The Apostle Paul’s reminder to the Church in Corinth was similar when he writes, “When reviled, we bless; when persecuted, we endure;…” (1 Cor. 4:12). Then to the Romans he wrote, “Who shall separate us from the love of Christ? Shall tribulation, or distress, or persecution, or famine, or nakedness, or danger, or sword?” (Rom. 8:35). “Indeed, all who desire to live a godly life in Christ Jesus will be persecuted…” You see,, in every age the Church has been persecuted. Yet, those who endure to the end, through the trials and persecutions, will receive that Crown of Life that is promised in Revelation (Rev. 2:10b).
To my own amazement, I began to notice that even though Jesus had to rebuke and correct some things in the various churches that John is to write to, there are also encouragements and each one is quite similar: they do not deny the Risen Christ. To Pergamum He saiys, “yet, you hold fast my Name and you did not deny my faith even in the days of Antipas my faithful witness…” (Rev. 2:13). The Pergamum Christians refused to reject the Name of Jesus by whom comes the forgiveness of sins. We know from the Apostle Peter’s sermons that “there is One Name given under heaven whereby men can be saved…” (ff. Acts 2:21, 38; 4:12; 10:43; 22:16). Since we have studied apologetics, the reasons to believe (though certainly saving faith is a gift of God not based upon human argument) it has strengthened us in the inner man to endure to the end, God willing. It is His Name we confess and profess. It is Who He is, what He has done that we proclaim and it is His resurrection that we defend against all antagonists.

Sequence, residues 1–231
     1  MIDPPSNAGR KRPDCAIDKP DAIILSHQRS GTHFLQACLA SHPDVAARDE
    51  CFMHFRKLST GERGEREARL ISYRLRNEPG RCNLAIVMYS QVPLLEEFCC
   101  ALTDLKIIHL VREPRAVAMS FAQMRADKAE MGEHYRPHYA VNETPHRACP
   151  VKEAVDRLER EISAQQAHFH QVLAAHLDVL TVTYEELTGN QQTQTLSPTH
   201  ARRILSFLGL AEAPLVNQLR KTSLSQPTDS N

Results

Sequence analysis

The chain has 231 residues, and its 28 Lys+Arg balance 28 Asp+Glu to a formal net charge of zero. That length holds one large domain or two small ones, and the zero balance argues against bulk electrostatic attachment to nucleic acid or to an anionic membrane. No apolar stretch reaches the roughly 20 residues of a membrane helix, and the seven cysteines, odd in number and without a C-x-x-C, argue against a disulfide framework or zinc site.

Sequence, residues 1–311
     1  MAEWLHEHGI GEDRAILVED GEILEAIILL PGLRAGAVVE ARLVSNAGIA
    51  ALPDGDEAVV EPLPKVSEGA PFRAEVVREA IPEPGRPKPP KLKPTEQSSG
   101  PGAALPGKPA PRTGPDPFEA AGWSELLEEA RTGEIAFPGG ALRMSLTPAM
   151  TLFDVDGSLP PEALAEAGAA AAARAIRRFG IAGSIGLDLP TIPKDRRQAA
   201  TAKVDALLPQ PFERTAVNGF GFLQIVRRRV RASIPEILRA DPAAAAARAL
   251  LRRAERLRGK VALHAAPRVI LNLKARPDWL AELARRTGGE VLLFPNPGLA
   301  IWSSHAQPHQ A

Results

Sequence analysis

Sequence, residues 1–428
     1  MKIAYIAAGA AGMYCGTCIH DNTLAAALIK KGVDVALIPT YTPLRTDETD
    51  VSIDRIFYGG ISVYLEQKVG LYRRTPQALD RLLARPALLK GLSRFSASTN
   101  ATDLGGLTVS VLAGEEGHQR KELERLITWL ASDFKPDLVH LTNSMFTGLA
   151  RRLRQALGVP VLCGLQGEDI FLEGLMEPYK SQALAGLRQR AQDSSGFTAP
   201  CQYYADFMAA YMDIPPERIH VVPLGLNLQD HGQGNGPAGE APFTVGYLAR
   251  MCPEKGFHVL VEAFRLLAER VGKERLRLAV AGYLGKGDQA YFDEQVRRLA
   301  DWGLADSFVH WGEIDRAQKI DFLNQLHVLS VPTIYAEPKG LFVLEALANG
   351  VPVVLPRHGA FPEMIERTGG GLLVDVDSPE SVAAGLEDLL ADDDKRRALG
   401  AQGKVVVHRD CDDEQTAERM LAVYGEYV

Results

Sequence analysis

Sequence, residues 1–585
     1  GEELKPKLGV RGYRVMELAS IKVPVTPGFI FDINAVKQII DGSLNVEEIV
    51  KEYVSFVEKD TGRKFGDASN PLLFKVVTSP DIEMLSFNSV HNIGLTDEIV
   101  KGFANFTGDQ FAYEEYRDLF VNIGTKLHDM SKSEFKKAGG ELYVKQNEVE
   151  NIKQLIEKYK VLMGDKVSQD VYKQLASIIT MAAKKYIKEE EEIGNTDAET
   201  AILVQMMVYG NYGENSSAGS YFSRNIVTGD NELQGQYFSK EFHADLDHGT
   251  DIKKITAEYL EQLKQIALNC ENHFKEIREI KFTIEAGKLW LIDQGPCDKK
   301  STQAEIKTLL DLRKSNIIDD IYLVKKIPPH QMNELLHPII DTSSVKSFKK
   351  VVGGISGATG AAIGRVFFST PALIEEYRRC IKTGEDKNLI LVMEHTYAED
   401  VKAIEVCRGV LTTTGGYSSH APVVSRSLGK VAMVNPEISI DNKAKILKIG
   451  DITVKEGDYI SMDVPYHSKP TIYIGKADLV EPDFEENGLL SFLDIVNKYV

To Thyatira’s church Jesus says, “I know your works, you love and faith and service and patient endurance…” Once again, Jesus encourages them by saying, “I know….” They are enduring with patience in a time of severe persecution. Many are martyred for the Christian faith and they have remained steadfast in their confession of faith proclaiming the Name of Christ above the false gods of the time. They believed Jesus rose again through the promise given at their baptism they would rise again too. In fact, Paul taught them that they were raised at the time of their Baptism with Water and the Word.